Understanding vignetting with infin Objective + zoom camera

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Croskell
Posts: 2
Joined: Mon Mar 25, 2013 6:39 am

Understanding vignetting with infin Objective + zoom camera

Post by Croskell »

I am a new member and don't quite know where to post this question - 'Equipment' seems appropriate. I can't see a thread approprite to tack onto.

I am planning to build myself a macro table for the following kit - Nikon D800E + Nikon 70-200 VRII zoom + Mitutoyo 10x Plan APO LWD (not yet purchesed) + StackShot. My question concerns the un-vignetted FOV I will get at differing zoom focal-lengths, and hence overall mag.

Am I correct in thinking that at 200mm, I should get a full image on the FF sensor of the D800? If so, as I zoom out (towards 70mm) at what point does vignetting start to occur at the corners and at what point do I end up with a 24mm diameter circle? Note the Nikon lens is internal focus, internal zoom, so the external size does not change. It is constant F2.8 throughout. Is it a matter of figuring out at what point the lens iris becomes less than the FF diagonal 43mm in diameter (focal lenght/2.8)? Or isn't it as simple as that? I'm trying to figure out if I can expect a x5 mag at 100mm zoom, or even x3.5 at 70mm.

A second question - can someone please point me to the formulae to calculate DoF (for Stacking purposes) for the above setup?

Thanks.

rjlittlefield
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Post by rjlittlefield »

Welcome aboard!

There's another issue that's not on your list but should be: limited FOV of the objective.

My copy of the Mitutoyo Plan Apo 10X NA 0.28 has a high quality image circle that is notably less than 5 mm in diameter on subject. At 5X (on a 100 mm tube lens), it gets soft and astigmatic even in the corners of an APS-C sensor. See the discussion and images linked HERE. I think you would not like its appearance at 5X on full-frame.

As for the vignetting, I can definitely confirm that it's not as simple as just looking at the diameter of the lens pupil. Pupil diameter provides a sort of worst-case estimate that applies when the pupil is also located far back toward the camera. When the pupil is farther forward, the vignetting is not so severe. In the extreme case, if the pupil is located near the front of the tube lens and there's no extension to the objective, then a pupil as small as 15 mm will cover full frame with no vignetting.

For DOF, a safe value for NA 0.28 is 0.007 mm. The formula is 0.00055/NA^2 and corresponds to 1/4-lambda wavefront error for green light. It's pretty common to use step size around 0.005 mm (5 microns) in this case. Pushing it much beyond 0.010 will produce focus banding when you get down to pixel-peeping.

I don't know your interests and priorities, but it may be worth considering the Nikon CFI Plan Achromat 10x NA 0.25 WD 10.5mm (part number MRL00102) instead of the Mitutoyo. As shown at the above link, the Mitutoyo has far less longitudinal color aberration, but the Nikon delivers better detail over a larger field. Given the rest of your gear, you might consider getting them both -- the MRL00102 is only about $250 new from Nikon, and it can often be picked up for about half that used.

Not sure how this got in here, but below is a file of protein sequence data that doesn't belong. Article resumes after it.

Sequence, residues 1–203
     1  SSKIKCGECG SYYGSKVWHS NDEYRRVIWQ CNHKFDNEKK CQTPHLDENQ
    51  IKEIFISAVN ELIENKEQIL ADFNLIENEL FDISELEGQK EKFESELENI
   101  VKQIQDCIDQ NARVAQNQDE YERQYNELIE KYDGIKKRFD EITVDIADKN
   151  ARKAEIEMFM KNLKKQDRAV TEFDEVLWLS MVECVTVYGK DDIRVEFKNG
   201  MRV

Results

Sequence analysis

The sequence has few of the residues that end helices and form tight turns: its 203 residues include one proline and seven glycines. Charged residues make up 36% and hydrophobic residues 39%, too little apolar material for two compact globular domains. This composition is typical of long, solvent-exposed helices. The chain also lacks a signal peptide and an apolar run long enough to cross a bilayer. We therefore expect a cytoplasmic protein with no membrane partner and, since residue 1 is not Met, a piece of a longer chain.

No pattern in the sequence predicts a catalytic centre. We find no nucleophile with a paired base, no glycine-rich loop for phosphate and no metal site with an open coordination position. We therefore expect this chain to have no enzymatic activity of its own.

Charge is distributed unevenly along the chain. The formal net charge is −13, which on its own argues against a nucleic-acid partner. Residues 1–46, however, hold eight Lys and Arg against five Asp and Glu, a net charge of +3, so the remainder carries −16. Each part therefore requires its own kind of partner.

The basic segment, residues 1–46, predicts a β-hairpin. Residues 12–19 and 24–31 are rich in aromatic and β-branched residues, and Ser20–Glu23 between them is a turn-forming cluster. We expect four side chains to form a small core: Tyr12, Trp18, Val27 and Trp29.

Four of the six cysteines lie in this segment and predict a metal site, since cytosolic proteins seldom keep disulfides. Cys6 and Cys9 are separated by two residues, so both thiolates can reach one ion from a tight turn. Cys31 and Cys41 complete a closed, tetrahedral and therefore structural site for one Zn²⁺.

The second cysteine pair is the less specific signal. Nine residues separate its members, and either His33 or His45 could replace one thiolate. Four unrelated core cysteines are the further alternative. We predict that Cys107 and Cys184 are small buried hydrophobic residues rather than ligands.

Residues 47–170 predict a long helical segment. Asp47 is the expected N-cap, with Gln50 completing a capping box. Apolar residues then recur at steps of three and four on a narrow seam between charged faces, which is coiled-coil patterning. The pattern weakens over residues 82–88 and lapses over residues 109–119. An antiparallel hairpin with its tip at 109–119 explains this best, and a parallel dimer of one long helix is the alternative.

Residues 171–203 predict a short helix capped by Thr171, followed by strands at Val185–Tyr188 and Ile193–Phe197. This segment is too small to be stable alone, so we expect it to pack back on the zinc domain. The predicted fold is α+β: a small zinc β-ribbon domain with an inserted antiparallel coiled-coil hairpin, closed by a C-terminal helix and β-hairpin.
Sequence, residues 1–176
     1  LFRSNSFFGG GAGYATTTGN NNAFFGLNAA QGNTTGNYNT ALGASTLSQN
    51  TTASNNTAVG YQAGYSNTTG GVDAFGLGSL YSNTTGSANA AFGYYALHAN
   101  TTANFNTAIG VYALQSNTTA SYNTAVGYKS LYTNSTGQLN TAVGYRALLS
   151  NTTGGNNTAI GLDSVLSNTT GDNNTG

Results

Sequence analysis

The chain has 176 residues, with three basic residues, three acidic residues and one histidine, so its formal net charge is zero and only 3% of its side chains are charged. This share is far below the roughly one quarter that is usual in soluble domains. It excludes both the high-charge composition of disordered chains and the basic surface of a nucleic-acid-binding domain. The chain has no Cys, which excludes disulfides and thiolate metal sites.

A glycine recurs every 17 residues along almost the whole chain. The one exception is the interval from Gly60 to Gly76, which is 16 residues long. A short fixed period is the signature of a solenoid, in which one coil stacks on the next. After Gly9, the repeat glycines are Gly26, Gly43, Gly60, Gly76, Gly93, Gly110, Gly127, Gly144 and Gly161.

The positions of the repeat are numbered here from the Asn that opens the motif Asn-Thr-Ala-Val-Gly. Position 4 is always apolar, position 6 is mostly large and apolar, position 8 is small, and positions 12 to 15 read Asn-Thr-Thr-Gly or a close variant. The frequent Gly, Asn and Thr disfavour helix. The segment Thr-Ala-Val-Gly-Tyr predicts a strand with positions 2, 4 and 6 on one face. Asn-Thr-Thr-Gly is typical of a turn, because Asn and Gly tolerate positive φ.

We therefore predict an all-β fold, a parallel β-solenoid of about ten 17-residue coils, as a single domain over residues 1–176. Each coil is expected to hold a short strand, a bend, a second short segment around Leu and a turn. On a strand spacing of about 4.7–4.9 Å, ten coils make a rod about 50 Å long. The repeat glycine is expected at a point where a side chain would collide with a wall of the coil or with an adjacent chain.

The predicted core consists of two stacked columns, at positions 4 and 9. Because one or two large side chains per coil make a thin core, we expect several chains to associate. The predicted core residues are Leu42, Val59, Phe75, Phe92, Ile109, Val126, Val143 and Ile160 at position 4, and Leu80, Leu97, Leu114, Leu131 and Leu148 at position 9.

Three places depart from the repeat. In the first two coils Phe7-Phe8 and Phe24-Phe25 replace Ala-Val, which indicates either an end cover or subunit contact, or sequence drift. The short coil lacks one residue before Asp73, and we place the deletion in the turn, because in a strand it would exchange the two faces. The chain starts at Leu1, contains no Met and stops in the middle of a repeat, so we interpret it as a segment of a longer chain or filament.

--Rik

Croskell
Posts: 2
Joined: Mon Mar 25, 2013 6:39 am

StackShot at x10

Post by Croskell »

Thanks for your prompt and helpful reply. Realise your quoting DoF as c.6 microns for an x10/NA 0.28 setup, leads to another Q. I have understood StackShot is good (consistent) down to 10micron increments. Does this imply x10 work is already beyond its capabilities, in the opinion of those that have used it?

Thanks again,
John

rjlittlefield
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Post by rjlittlefield »

I regularly use my StackShot with 50X objectives. My unit has demonstrated good performance down to below 2 microns when High Precision mode is turned on. See the detailed test report What does StackShot "High Precision" mean?.

In my personal opinion, the StackShot has suffered a lot of unjustified bad press due to its disarmingly simple mechanism combined with outdated information.

Early units indeed were not usable beyond 10X, because of the big-step problem documented in the article linked above. The problem was made worse by a user interface that made it almost impossible to set a natural focus increment of 1 full motor step. This obscured the regularity of the big-step problem. For a long time the irregular steps were incorrectly attributed to mechanical issues like stiction. After I characterized the problem better and convinced Cognisys that it was an electrical drive issue, they were able to retrofit High Precision mode as a firmware fix. Initially that mode was available only through the Zerene Stacker interface, but then they made it available also through the buttons and menus on their own controller.

At this time I have no reservations about recommending StackShot for 10X. Beyond that it may get fiddly. 50X works fine with my unit and my procedures. I have not seen test reports from other people.

I confess, I find this issue to be kind of frustrating. For a long time, the StackShot web site continued to say 10 microns despite the improved firmware that made it good well below that. In a quick look today, I see that the website finally says 2 microns, which is probably a good spec given the tests that I've done. (I'm not aware of other tests at this level of precision.) But still there are a lot of web pages that quote the older 10 micron spec, and that number and the corresponding general impression seems burned into people's heads. It's like the old saying: "You can't un-ring a bell."

--Rik

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